“After one year,” Domenico says, “I realized that we were working together so much at the studio, we might as well go into partnership.”
Hastily deciding to call themselves Dolce & Gabbana—Domenico: “It made us sound like we were lawyers”—they presented their first collection, which was, recalls Stefano, “all long stretch dresses worn with big jackets with oversize shoulders, flat shoes, and black stockings. Basta! We’ve changed a lot, but the sense of humor, the opposites, the idea of glamour . . . they were all there.”
Their professional partnership was to develop into something deeper when they fell in love. It’s a relationship that still appears to be thriving. Their conversation forms one seamless narrative. They balance each other outÂ—Stefano the silver-tongued showman complementing Domenico’s studious demeanor.
(It’s also probably not too much of a stab in the dark to speculate that Domenico is the diplomat of the two; while Stefano doesn’t lack charm, it’s doubtful whether he has his partner’s patience.) And they bicker. As Domenico started to tell me about his love of seeing art shows in New York, Stefano interrupted, “Uggh . . . boring.”
It’s a testament to the affection that they’re held in that even their ex-employees remain immensely discreet and loyal, and won’t dish about them. (Or perhaps there’s more to their affinity for Sicily than meets the eye.) There’s certainly an incredibly passionate sense of family at the company: In the fashion world, where allegiances shift more quickly than a new consignment of Rochas at Barneys, there’s a close-knit core who have stayed with them for a long time.
If Giorgio Armani’s restrained, lean silhouette was the touchstone of Italian fashion at the time Domenico and Stefano came along, then the dynamic duo provided an alternate view of womanhood. Monica Bellucci walked the runway for them in their first show.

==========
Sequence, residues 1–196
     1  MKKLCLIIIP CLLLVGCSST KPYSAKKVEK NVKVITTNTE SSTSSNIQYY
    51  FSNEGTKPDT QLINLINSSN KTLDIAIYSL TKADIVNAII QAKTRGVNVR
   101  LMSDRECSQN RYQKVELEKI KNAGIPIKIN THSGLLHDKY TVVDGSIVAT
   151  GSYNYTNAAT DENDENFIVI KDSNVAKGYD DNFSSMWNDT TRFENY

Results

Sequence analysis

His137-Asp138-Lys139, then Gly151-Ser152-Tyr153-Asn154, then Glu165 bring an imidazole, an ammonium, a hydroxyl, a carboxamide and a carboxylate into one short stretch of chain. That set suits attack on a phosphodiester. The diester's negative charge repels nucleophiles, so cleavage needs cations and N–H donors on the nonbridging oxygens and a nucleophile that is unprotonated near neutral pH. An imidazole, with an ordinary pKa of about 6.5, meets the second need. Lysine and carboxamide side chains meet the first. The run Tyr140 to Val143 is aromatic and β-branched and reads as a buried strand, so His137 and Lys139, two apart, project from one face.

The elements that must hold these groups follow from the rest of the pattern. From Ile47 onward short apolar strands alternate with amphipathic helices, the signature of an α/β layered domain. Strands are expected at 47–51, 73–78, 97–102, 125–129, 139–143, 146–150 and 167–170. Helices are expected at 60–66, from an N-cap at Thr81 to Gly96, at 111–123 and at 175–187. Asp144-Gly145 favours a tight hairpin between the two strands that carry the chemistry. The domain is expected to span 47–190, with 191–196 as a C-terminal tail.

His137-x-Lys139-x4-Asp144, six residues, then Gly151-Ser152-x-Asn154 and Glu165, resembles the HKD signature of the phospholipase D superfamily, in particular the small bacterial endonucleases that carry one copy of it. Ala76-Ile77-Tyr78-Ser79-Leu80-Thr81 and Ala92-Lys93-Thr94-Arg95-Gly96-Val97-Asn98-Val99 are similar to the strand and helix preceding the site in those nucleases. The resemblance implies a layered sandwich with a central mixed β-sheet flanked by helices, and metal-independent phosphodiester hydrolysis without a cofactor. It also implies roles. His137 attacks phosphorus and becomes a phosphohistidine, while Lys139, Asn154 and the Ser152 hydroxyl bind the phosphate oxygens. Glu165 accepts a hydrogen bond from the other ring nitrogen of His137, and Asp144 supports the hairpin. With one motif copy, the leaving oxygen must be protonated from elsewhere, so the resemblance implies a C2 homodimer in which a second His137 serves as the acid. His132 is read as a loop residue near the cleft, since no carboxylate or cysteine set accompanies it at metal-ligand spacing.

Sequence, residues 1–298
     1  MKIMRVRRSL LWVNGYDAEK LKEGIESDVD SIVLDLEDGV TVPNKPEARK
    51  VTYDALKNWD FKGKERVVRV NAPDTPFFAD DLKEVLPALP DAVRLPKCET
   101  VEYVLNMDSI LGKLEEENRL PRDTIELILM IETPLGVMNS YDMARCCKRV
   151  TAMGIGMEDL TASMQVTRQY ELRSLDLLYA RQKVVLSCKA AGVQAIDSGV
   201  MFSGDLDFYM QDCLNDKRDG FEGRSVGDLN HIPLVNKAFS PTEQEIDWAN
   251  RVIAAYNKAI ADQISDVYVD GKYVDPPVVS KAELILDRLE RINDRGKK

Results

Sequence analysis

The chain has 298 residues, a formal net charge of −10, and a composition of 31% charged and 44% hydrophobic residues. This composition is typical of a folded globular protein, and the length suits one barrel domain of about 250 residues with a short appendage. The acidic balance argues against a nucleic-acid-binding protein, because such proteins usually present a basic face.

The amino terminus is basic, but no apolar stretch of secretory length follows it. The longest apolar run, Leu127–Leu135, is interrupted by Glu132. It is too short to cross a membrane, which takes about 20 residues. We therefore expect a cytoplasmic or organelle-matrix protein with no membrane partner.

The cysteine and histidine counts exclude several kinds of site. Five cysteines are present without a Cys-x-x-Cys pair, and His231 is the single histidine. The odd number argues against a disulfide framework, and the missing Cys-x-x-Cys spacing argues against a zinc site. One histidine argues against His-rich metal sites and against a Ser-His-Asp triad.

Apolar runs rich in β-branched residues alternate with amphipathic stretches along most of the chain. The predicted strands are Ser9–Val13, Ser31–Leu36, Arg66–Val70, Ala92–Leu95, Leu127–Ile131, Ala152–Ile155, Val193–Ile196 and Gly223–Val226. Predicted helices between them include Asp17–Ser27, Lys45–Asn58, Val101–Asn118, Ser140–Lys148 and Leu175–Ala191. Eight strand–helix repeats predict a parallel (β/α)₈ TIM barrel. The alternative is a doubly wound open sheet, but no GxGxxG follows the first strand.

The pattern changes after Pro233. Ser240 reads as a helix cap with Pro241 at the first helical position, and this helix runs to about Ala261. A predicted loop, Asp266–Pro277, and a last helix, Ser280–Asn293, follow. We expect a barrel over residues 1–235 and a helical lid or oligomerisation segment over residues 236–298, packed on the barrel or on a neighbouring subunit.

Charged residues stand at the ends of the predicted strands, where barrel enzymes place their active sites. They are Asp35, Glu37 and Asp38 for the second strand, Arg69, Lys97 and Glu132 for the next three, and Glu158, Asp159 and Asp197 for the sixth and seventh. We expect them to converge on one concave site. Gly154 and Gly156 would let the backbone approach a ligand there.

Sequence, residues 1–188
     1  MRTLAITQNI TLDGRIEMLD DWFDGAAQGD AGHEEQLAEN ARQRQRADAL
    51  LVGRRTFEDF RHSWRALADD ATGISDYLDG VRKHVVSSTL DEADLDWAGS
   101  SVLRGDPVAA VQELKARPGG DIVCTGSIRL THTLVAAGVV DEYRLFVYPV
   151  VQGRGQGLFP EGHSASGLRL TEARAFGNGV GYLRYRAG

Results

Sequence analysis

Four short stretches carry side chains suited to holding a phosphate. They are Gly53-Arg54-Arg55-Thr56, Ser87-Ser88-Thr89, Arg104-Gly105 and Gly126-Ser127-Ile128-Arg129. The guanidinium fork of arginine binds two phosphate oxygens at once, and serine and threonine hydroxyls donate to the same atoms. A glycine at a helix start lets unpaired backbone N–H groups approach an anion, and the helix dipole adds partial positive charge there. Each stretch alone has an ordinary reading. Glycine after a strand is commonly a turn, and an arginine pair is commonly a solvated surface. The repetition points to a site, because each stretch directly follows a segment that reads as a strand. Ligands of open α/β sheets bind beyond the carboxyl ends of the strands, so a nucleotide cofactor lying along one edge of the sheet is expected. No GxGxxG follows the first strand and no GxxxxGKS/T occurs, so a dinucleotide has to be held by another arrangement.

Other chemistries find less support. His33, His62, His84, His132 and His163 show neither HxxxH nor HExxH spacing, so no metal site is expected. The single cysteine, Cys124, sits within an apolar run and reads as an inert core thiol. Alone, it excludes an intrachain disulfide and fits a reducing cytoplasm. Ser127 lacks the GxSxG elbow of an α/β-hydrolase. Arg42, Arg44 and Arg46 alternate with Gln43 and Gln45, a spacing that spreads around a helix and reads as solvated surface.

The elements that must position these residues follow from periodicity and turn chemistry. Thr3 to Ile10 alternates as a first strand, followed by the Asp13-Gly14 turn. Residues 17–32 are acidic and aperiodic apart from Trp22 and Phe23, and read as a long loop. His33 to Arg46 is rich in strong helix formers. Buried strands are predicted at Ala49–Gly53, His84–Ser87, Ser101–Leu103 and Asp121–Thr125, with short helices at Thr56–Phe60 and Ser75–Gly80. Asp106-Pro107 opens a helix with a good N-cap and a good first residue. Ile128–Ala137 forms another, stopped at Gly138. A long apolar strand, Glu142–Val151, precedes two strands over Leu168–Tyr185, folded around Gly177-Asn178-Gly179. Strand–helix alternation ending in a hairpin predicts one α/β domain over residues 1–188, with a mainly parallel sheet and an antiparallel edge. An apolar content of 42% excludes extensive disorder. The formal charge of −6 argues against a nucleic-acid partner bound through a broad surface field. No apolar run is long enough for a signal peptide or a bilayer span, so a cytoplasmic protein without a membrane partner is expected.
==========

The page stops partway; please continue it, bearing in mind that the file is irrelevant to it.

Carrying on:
“I wasn’t getting that much work because I wasn’t that skinny,” she recalls. “But they made me feel that my curves were an asset.”
Sex soon became a major selling point of a Dolce & Gabbana collection.
“It’s an empowering kind of sexuality,” says Andrew Bolton. “There’s nothing fragile about it.”
It wasn’t surprising that the sex quotient soon had Hollywood stars beating a path to the designers’ door.
“We didn’t plan to have this connection with celebrities,” says Stefano. “When we design, we never think about actresses or rock stars. Perhaps our style is strong and good for those people. But we don’t ask them to wear it.”
One journalist tells me she remembers Dolce and Gabbana saying that they would never pay to have a celebrity wear their clothes. When I ask them about who they think is well dressed, they reel off a list of . . . men! Johnny Depp, Sean Penn, Colin Farrell. They are far less enamored of today’s screen goddesses. “It’s one day Versace, one day Gucci, one day Dolce & Gabbana,” complains Stefano. “It doesn’t come down to style, it comes down to business. Actresses take a lot of money from the labels, and that’s why they wear their clothes.” They agree that no one beats Elizabeth Taylor. Or Sophia Loren. Or Madonna at her height: “But not now,” says Stefano.
Perhaps their new book, Hollywood, a lavish affair that’s as much their personal scrapbook of the great and the good who have worn their clothes as it is a glossy coffee-table tome, is best read as a sign of their hard-won independence.
“I never pay $1 for these people to be in the book, honestly,” says Domenico.
“So this book is for me and Stefano, and it’s to recognize all of the stars who have worn our clothes.”
“It’s like when Sophia Loren was at the Oscars,” says Stefano, laughing, “and she said, ‘Thank you, Hollywood. Thank you, America.’ Well, now it’s our turn.”